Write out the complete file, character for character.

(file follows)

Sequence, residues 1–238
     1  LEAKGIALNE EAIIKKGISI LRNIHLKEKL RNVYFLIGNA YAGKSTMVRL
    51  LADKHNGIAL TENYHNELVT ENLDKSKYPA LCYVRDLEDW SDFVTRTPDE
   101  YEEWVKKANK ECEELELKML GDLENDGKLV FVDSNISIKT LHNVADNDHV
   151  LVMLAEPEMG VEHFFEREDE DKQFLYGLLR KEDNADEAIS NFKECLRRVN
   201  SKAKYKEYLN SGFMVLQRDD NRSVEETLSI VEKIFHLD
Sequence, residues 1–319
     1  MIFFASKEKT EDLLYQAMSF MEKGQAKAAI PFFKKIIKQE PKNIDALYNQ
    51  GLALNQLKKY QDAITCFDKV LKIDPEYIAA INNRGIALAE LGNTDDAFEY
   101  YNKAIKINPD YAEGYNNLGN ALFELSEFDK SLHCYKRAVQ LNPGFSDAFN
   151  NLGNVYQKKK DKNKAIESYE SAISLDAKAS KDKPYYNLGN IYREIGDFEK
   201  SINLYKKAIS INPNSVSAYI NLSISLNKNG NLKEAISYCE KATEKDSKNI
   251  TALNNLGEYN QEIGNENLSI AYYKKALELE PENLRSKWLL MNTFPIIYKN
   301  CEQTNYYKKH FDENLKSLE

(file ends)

Sequence, residues 1–238
     1  LEAKGIALNE EAIIKKGISI LRNIHLKEKL RNVYFLIGNA YAGKSTMVRL
    51  LADKHNGIAL TENYHNELVT ENLDKSKYPA LCYVRDLEDW SDFVTRTPDE
   101  YEEWVKKANK ECEELELKML GDLENDGKLV FVDSNISIKT LHNVADNDHV
   151  LVMLAEPEMG VEHFFEREDE DKQFLYGLLR KEDNADEAIS NFKECLRRVN
   201  SKAKYKEYLN SGFMVLQRDD NRSVEETLSI VEKIFHLD
Sequence, residues 1–319
     1  MIFFASKEKT EDLLYQAMSF MEKGQAKAAI PFFKKIIKQE PKNIDALYNQ
    51  GLALNQLKKY QDAITCFDKV LKIDPEYIAA INNRGIALAE LGNTDDAFEY
   101  YNKAIKINPD YAEGYNNLGN ALFELSEFDK SLHCYKRAVQ LNPGFSDAFN
   151  NLGNVYQKKK DKNKAIESYE SAISLDAKAS KDKPYYNLGN IYREIGDFEK
   201  SINLYKKAIS INPNSVSAYI NLSISLNKNG NLKEAISYCE KATEKDSKNI
   251  TALNNLGEYN QEIGNENLSI AYYKKALELE PENLRSKWLL MNTFPIIYKN
   301  CEQTNYYKKH FDENLKSLE